My Life with a 1956 Nash Metropolitan: The Cutest Micro Car

There’s a certain charm about owning a classic car that defies description. But when it comes to my 1956 Nash Metropolitan, words like “cute” and “fun” are probably the most appropriate. As the proud owner of this timeless beauty, I feel a sense of joy that goes beyond mere transportation.

A Glimpse of History

The Nash Metropolitan has always been more than just a car. With its compact design and cheerful disposition, it represents a pivotal era in automotive history. In the post-war optimism of the 1950s, American families were searching for affordable, economic, and practical automobiles. The Nash Metropolitan answered the call with a unique blend of style and substance.

Unmistakable Charm

What truly sets the Metropolitan apart is its aesthetic. Its rounded curves and smiling front grille could make even the most stoic car enthusiast crack a grin. The two-tone paint scheme in Berkshire Green of my model, a vibrant turquoise blue paired with a classic white, turns heads wherever I go.

But don’t let its small size fool you; the Metropolitan is packed with personality. The snug interior and vintage detailing provide a retro experience that transports you back to a simpler time.

Driving the Dream

The driving experience of the Nash Metropolitan is something every classic car lover should experience. The 1.5-liter engine won’t win any races, but it’s zippy and responsive, providing a ride that’s both engaging and exciting.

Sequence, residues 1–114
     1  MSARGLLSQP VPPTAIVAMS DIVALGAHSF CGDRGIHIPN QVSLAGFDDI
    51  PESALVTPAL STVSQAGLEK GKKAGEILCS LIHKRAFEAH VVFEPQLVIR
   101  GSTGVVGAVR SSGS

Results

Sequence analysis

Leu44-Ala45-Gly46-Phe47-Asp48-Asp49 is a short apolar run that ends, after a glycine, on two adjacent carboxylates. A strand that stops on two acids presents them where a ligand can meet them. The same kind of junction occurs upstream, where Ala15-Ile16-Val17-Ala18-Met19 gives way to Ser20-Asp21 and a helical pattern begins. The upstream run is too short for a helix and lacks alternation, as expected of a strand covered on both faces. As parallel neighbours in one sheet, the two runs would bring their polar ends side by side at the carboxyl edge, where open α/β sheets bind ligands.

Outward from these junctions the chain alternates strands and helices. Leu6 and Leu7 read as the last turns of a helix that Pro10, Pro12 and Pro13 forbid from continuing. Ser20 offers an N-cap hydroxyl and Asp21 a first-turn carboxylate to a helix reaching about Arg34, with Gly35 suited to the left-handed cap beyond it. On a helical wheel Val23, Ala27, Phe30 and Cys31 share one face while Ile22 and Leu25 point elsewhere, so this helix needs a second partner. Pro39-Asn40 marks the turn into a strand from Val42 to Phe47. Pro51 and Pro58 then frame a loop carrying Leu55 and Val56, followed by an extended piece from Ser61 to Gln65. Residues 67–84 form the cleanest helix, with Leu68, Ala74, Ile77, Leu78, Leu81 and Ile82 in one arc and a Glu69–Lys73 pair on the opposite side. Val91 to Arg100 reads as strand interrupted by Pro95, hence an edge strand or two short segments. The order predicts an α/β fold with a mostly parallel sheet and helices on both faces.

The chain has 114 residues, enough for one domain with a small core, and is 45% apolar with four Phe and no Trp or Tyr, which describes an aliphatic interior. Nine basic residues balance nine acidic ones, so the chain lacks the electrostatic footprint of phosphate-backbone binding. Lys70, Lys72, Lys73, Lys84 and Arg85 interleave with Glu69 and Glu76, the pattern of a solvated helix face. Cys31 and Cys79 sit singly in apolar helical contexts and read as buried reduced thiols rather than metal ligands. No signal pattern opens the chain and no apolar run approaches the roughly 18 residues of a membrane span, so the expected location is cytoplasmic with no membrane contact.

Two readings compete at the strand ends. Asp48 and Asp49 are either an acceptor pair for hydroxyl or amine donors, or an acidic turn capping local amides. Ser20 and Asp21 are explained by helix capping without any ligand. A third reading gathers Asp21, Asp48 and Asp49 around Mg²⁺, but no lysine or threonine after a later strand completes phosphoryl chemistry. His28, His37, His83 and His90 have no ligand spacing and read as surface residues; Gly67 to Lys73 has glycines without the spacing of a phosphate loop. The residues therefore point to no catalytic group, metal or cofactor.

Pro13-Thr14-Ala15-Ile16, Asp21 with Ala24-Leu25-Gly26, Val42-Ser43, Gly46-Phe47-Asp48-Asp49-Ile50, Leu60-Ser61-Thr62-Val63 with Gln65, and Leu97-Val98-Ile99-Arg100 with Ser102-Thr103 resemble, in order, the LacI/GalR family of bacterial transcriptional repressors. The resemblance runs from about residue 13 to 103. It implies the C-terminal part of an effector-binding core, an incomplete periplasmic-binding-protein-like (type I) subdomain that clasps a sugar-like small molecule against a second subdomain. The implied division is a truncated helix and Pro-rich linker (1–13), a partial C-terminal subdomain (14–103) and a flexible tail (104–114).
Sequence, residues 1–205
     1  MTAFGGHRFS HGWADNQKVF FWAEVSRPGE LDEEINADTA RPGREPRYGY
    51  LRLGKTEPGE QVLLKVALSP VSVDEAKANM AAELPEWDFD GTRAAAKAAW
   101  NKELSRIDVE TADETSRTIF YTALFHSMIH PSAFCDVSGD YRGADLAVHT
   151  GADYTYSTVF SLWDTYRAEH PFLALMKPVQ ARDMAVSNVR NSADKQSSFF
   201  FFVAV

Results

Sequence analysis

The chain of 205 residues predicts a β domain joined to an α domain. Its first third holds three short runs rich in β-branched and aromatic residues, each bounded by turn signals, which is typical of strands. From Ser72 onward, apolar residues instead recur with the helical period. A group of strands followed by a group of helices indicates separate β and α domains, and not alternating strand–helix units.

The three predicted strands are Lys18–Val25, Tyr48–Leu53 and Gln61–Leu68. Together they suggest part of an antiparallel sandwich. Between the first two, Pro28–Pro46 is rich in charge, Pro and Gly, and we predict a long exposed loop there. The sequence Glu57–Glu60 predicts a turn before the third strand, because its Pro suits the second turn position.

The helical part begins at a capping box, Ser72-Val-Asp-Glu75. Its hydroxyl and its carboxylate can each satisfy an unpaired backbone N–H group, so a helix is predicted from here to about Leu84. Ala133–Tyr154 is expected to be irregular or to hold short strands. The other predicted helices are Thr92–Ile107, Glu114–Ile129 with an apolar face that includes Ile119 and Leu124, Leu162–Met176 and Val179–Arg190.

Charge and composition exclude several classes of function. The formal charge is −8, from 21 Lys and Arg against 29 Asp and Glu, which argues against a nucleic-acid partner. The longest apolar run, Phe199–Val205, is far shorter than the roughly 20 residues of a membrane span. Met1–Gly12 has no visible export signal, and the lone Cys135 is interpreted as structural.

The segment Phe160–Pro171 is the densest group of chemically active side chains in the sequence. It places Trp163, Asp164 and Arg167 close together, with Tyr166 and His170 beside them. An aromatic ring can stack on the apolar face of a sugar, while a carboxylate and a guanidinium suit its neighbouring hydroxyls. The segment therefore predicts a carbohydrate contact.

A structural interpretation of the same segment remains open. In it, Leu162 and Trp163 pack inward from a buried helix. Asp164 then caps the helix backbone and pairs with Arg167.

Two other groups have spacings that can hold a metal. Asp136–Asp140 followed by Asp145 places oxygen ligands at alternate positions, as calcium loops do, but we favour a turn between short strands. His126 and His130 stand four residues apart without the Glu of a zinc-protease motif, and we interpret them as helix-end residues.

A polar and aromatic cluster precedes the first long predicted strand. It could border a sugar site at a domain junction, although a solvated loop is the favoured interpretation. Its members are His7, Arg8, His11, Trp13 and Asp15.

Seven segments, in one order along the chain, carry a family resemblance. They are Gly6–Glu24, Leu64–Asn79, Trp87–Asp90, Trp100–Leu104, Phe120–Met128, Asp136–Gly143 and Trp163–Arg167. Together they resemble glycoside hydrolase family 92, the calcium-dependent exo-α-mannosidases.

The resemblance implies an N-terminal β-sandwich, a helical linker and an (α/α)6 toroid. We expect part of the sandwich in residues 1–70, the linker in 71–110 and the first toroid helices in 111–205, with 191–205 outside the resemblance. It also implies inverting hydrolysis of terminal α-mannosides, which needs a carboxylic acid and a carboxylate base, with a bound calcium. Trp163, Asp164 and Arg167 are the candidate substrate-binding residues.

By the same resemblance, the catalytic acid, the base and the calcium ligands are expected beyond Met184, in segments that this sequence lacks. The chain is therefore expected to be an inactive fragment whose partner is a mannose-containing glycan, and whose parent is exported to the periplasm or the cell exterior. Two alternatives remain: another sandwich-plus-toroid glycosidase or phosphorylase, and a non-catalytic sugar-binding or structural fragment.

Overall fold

Taking this micro car for a spin on winding country roads or along the scenic coast is a pure delight. But it’s not about speed with this classic; it’s about the joy of the drive. The wind rushing through the windows and the large, sturdy steering wheel in your hands offer a unique, thrilling sensation that’s unlike any other for a car this size. Though not a speed demon by any means, this super cute and fun vehicle captures the essence of a time when driving was about pleasure, not just getting from point A to point B.

A Conversation Starter

Everywhere I go with my Nash, it becomes an instant ice-breaker. People of all ages are drawn to it, and its cuteness is an undeniable conversation starter. I’ve had countless interactions with strangers who wanted to know more about the car, share their memories, or simply compliment its appearance. Event when doing photoshoots it attracts attention and I don’t mind at all and enjoy talking with folks about my Nash.

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Maintaining a Legend

Of course, owning a classic car like the Nash Metropolitan isn’t without its challenges. Parts can be hard to find, and regular maintenance is essential to keep it running smoothly. But every wrench turned and every hour spent in the garage is a labor of love, a tribute to an era gone by. I am fortunate to have a great mechanic who keeps my Nash running.


Owning a 1956 Nash Metropolitan is not just about having a vehicle; it’s about preserving a piece of history, a cultural icon that embodies the fun-loving spirit of the ’50s. It’s about the joy of driving something that’s not merely a machine but a companion, a cute and quirky friend that brings smiles wherever it goes.

Every time I slide behind the wheel, I’m reminded of why I fell in love with this micro car. It’s more than transportation; it’s an experience, a piece of art, and a beloved member of my family. If you ever have the chance to see one or drive one, don’t miss it. The charm of the Nash Metropolitan is something truly special.